Information from the National Library of Medicine

To learn more about this study, you or your doctor may contact the study research staff using the contact information provided by the sponsor.

Please refer to this study by its ClinicalTrials.gov identifier (NCT number): NCT01595139


Locations
United States, Illinois
Ann & Robert H. Lurie Children's Hospital of Chicago
Chicago, Illinois, United States, 60611
Sponsors and Collaborators
Ann & Robert H Lurie Children's Hospital of Chicago
Investigators
Principal Investigator: Rishi Lulla, MD Ann & Robert H Lurie Children's Hospital of Chicago
  More Information

Publications:
Fernandez-L A, Northcott PA, Taylor MD, Kenney AM. Normal and oncogenic roles for microRNAs in the developing brain. Cell Cycle. 2009 Dec 15;8(24):4049-54. Epub 2009 Dec 5.
Taylor DD, Gercel-Taylor C. MicroRNA signatures of tumor-derived exosomes as diagnostic biomarkers of ovarian cancer. Gynecol Oncol. 2008 Jul;110(1):13-21. doi: 10.1016/j.ygyno.2008.04.033. Erratum in: Gynecol Oncol. 2010 Jan;116(1):153.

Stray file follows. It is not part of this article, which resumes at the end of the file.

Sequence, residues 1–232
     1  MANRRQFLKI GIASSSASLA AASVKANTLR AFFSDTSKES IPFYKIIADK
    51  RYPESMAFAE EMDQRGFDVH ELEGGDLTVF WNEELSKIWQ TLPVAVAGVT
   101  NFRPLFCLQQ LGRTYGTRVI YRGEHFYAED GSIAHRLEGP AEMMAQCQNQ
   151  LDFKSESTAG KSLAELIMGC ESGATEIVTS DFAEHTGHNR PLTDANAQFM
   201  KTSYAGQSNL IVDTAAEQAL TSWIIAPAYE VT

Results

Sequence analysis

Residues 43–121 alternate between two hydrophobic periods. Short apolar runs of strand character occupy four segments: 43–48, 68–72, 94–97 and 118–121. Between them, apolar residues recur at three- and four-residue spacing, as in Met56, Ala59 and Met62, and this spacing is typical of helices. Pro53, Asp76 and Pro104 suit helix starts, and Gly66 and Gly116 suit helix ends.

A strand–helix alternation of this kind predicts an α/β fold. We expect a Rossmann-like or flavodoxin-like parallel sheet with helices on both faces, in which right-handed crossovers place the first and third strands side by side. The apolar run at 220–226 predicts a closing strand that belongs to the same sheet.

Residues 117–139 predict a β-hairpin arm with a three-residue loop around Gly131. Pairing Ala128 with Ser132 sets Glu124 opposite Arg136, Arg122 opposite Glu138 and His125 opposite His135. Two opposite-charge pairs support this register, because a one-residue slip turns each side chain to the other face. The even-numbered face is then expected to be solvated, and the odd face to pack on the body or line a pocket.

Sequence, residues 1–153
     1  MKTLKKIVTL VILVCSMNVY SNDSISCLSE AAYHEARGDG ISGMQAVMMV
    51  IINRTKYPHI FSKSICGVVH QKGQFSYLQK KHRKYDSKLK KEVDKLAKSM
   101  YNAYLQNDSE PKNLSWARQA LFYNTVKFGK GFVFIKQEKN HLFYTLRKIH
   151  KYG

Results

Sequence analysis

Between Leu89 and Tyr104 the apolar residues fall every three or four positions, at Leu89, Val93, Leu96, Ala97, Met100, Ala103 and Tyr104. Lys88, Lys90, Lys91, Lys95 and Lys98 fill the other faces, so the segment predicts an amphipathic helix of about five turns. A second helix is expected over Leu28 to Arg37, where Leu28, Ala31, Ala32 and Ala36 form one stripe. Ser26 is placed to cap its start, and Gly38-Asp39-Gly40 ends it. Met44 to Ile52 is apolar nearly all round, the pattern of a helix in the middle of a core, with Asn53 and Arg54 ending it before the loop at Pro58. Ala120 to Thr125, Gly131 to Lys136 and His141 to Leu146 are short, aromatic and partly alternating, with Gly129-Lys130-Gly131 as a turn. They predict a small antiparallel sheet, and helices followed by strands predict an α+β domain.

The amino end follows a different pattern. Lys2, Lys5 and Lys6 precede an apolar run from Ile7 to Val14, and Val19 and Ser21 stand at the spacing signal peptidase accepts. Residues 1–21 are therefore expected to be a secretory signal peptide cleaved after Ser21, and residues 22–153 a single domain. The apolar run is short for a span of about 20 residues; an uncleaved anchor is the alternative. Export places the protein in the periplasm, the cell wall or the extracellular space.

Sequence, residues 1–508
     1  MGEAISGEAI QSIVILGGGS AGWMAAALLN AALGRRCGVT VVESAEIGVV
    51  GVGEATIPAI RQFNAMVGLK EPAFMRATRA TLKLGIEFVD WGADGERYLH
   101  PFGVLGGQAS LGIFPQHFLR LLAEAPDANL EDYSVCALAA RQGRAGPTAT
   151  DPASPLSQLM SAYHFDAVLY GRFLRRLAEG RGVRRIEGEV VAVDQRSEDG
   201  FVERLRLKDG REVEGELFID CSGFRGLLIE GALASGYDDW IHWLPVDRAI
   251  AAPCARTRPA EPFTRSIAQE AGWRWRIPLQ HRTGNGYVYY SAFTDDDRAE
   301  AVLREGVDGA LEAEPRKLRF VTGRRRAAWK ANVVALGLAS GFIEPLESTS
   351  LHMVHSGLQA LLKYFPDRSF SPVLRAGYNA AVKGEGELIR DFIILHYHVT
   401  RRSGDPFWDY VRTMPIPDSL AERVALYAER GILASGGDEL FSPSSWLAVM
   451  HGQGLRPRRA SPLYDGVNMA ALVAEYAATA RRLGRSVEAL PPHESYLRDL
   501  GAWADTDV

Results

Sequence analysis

Lawrie CH, Gal S, Dunlop HM, Pushkaran B, Liggins AP, Pulford K, Banham AH, Pezzella F, Boultwood J, Wainscoat JS, Hatton CS, Harris AL. Detection of elevated levels of tumour-associated microRNAs in serum of patients with diffuse large B-cell lymphoma. Br J Haematol. 2008 May;141(5):672-5. doi: 10.1111/j.1365-2141.2008.07077.x. Epub 2008 Mar 3.
Mitchell PS, Parkin RK, Kroh EM, Fritz BR, Wyman SK, Pogosova-Agadjanyan EL, Peterson A, Noteboom J, O'Briant KC, Allen A, Lin DW, Urban N, Drescher CW, Knudsen BS, Stirewalt DL, Gentleman R, Vessella RL, Nelson PS, Martin DB, Tewari M. Circulating microRNAs as stable blood-based markers for cancer detection. Proc Natl Acad Sci U S A. 2008 Jul 29;105(30):10513-8. doi: 10.1073/pnas.0804549105. Epub 2008 Jul 28.
Huang Z, Huang D, Ni S, Peng Z, Sheng W, Du X. Plasma microRNAs are promising novel biomarkers for early detection of colorectal cancer. Int J Cancer. 2010 Jul 1;127(1):118-26. doi: 10.1002/ijc.25007.